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Dear specialist: Please don't dump your job on me


Specialists unload patients on this primary care doctor, expecting her to do the work they don't get paid for. And she's tired of it.


Dear Specialist: Please don't dump your job on me

Specialists unload patients on this primary care doctor, expecting her to do the work they don't get paid for. And she's tired of it.

By Shelly A. Kruse, MD
Internist/Fresno, CA

A prescription refill request is on my desk for a drug prescribed by an allergist for a patient we share. I'm sure it has reached me by mistake, and I tell the medical assistant to direct the pharmacist to the allergist's office. But several hours later, the same refill request shows up on my desk—this time with a note on it. The allergist is on vacation for two weeks and his office says no one is covering for him. Therefore, primary care doctors must handle refill requests for all his patients.

If that were an isolated incident, I would be mildly annoyed. But I've encountered such "dumping" many times, and I'm angry about it.

Specialists expect me to follow up on their patients, refill their prescriptions, and complete medical forms. I believe capitation of specialists is partly to blame. One cardiologist told me his group's capitation payment was down 30 percent, so the group was reducing its services by 30 percent. No wonder they were transferring stable patients with atrial fibrillation and other arrhythmias to primary care doctors!

Specialists are also writing my name on prescription refill requests to get me to do their unpaid work for them. Of course, I don't get paid for that either.

And then there is the liability issue. Drugs such as Cordarone or methotrexate have toxic side effects and require follow up and monitoring. If I write a refill for a prescription, I take on full responsibility for the drugs' toxicity, side effects, and efficacy—without any consultation payment.

Medical forms that should be filled out by specialists also land on my desk. An orthopedist sent me physical therapy forms to fill out for my patient who had had a total knee replacement. I don't have the slightest idea what postoperative physical therapy is appropriate, so I refused to fill them out.

A cardiologist who recommended that our patient take permanent disability after bypass surgery refused to fill out the five-page disability form. Instead, he told the patient to bring it to me. Another orthopedist expected me to fill out Medicare home health forms, even though I hadn't seen the patient and couldn't evaluate her need for the service.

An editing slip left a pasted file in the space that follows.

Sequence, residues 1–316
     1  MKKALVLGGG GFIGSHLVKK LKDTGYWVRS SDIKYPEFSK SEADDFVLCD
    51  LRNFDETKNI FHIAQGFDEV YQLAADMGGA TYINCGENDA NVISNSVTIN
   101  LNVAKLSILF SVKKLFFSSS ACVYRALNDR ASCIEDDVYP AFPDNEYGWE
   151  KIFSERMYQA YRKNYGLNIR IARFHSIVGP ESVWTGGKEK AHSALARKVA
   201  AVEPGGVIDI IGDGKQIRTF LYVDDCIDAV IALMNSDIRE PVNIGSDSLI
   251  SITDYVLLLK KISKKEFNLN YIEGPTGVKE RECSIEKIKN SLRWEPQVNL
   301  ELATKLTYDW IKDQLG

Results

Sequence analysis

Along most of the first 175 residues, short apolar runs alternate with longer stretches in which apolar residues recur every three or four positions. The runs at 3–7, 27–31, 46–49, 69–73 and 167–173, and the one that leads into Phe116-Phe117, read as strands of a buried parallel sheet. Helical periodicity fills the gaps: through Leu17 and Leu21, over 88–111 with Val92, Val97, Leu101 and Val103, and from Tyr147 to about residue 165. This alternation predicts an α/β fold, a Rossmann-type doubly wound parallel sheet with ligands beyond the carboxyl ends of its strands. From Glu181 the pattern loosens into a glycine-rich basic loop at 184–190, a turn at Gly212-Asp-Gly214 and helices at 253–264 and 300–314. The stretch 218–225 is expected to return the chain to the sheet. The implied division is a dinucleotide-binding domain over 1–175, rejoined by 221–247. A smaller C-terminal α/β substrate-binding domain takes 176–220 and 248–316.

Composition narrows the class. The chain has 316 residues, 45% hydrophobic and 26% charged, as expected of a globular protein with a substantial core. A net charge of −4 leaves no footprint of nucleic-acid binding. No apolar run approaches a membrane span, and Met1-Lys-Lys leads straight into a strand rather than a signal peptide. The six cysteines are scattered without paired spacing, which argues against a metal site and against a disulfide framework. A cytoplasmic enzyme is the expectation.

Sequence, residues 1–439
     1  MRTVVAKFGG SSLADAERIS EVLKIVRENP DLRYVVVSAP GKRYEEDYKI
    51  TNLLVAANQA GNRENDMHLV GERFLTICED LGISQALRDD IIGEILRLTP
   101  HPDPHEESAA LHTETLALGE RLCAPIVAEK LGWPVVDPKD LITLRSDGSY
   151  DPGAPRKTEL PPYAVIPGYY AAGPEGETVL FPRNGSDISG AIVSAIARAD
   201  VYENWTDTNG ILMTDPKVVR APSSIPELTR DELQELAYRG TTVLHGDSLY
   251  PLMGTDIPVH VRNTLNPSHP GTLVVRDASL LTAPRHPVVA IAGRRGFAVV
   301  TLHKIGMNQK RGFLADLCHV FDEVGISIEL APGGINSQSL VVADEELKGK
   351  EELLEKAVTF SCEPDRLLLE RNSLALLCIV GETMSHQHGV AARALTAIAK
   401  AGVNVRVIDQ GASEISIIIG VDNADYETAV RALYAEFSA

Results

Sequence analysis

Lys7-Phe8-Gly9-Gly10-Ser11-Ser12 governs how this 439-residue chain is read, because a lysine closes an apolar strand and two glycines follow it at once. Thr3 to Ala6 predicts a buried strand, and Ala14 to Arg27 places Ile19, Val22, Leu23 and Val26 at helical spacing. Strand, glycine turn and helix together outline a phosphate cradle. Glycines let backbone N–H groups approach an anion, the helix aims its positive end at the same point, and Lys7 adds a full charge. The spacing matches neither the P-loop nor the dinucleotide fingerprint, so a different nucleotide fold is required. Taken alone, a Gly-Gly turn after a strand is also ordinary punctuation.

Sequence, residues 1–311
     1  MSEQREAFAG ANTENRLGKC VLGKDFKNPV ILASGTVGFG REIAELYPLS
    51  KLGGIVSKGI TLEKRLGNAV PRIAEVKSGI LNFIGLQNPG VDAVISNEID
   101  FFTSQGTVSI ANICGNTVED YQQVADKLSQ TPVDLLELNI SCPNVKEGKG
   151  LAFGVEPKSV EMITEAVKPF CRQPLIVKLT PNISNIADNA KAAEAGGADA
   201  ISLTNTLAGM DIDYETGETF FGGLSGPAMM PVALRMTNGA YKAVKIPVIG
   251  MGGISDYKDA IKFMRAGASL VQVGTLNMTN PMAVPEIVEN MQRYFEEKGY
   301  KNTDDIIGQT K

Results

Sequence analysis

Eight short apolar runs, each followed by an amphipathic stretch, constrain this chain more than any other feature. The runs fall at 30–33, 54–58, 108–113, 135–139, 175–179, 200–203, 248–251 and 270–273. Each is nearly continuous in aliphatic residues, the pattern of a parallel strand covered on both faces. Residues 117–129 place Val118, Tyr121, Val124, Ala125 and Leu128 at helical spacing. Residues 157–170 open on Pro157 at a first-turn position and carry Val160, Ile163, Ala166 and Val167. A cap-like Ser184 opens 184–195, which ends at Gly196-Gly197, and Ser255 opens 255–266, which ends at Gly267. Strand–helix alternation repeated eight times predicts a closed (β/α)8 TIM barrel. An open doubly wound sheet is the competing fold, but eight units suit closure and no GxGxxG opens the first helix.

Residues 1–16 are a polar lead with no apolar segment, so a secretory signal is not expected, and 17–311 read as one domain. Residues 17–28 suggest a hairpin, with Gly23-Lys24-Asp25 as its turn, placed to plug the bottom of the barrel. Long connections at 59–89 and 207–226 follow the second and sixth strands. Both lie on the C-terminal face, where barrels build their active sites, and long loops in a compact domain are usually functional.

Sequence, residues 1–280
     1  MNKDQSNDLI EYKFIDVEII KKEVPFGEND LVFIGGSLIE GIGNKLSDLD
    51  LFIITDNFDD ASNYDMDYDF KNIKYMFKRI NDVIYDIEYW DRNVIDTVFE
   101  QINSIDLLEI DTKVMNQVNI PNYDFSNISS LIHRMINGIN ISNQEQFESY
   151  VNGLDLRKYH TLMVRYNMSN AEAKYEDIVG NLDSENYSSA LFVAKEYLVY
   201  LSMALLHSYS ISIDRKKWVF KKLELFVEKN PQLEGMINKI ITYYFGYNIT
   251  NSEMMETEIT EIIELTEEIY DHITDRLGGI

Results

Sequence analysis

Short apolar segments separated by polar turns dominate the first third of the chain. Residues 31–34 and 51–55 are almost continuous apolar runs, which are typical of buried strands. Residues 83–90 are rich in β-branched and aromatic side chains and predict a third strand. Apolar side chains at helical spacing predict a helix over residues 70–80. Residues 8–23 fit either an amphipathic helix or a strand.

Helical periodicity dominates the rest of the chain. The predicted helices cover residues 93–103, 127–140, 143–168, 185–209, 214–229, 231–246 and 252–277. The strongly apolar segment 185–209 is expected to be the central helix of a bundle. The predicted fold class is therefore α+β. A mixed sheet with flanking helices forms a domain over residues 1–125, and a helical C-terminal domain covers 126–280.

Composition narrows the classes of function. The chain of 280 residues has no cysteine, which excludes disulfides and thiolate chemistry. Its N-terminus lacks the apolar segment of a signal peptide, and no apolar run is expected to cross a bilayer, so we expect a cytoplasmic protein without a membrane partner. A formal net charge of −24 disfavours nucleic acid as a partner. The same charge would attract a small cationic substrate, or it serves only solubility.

But the most egregious dump is of the patient. A patient with a basal cell carcinoma called the dermatologist who performed the excision when the site became red and purulent. The dermatologist told him to see me instead. Two other surgeons also bounced patients with infections back to our primary care group—one with an infection around his prosthetic knee, and another whose breast reduction surgical site became infected.

In another incident, a patient who had been hospitalized for 14 days for depression called his psychiatrist 24 hours after he'd been discharged and said he was suicidal. The psychiatrist had left for the day, and the on-call psychiatrist sent the patient to me—even though I hadn't seen this guy in two years.

I've also seen an obstetrician refuse to treat a pregnant patient's urinary tract infection and a gynecologist who expected me to treat a woman's severe pelvic pain after an intrauterine procedure. Clearly these situations are an abdication of care by the specialists and pose enormous liability to both specialists and primary care doctors.

Today, we don't see much patient dumping anymore, because our group has left the HMO that capitates the specialists around here. But the specialists still send us plenty of Rx refill requests and forms, even for patients with private insurance. I spend two hours each day on that, and answering telephone messages without compensation—simply because it's part of my job.

I realize a specialist may not be aware of what his staff is doing. But I very much object to being expected to assume care for specialists' patients without being asked. Please, don't dump on me, and I will do my very best not to dump on you.


Have you had an experience similar to the author's? Please share the details with us. E-mail us at meletters@medec.com, fax us at 201-722-2688, or address correspondence to Letters Editor, Medical Economics, 5 Paragon Drive, Montvale, NJ 07645.


Shelly Kruse. Dear specialist: Please don't dump your job on me. Medical Economics 2002;6:106.

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